Have you ever let a domain name registration expire without renewing, only to find it’s been turned into an ad farm?
Congratulations — you’ve just found a domain name squatter!
Domain name squatters (they prefer the terms “investors” or “domainers”) often grab domain names after they are dropped in hopes that the original owners will want the name back badly enough to pay up big, or that they’ll be able to sell it to someone else. In the meantime, they sell ads on their squatted domains. Domain name squatters also do the same thing with new domains, or “typo” versions of popular domains.
If you contact the owner of a squatted domain, they may generously offer to sell you the domain for some outrageous amount of money — $1,000 or more. (If they’re making money from the ads, they may refuse to sell, or the price may get really ridiculous.)
The reason squatters can get away with this sort of thing is that the dispute process for regaining control over a lost or trademarked domain is very expensive and cumbersome — the fees just to file a dispute with an ICANN-approved arbitrator start at $1,300, and you’ll likely need legal assistance. Most people in this situation just walk away and use some other domain name, but some decide to pay up just to get the ordeal over with.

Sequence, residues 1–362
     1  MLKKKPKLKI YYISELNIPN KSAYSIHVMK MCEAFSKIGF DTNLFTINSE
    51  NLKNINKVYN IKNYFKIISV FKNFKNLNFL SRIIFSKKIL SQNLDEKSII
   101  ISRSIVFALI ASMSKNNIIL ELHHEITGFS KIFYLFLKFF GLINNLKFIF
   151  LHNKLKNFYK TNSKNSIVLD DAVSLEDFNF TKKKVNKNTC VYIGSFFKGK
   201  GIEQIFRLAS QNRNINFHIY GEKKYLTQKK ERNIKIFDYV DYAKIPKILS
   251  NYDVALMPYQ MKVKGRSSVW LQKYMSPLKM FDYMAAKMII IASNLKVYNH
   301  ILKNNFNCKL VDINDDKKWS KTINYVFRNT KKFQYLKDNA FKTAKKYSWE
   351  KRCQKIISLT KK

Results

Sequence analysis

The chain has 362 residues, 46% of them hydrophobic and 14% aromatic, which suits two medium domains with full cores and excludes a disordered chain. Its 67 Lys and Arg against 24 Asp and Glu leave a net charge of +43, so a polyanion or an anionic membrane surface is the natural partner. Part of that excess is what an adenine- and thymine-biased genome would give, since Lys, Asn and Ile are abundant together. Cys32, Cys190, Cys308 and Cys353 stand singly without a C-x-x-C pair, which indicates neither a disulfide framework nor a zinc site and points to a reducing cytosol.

The moral of this story?
Alway remember that your credit union’s domain names are valuable brand assets, and your CU’s reputation could be affected if you lose control of them.
When you register domain names or have someone register them for you, make sure there’s a procedure in place to keep track of them over the years and keep them renewed as long as they’re needed. Be sure to preserve registrar passwords and usernames, and make sure credit cards used for registrations are kept up to date as well. Make sure the credit union is listed as the owner, not the person registering the domain, and that a live email address at the credit union is listed as the owner and/or admin contact.
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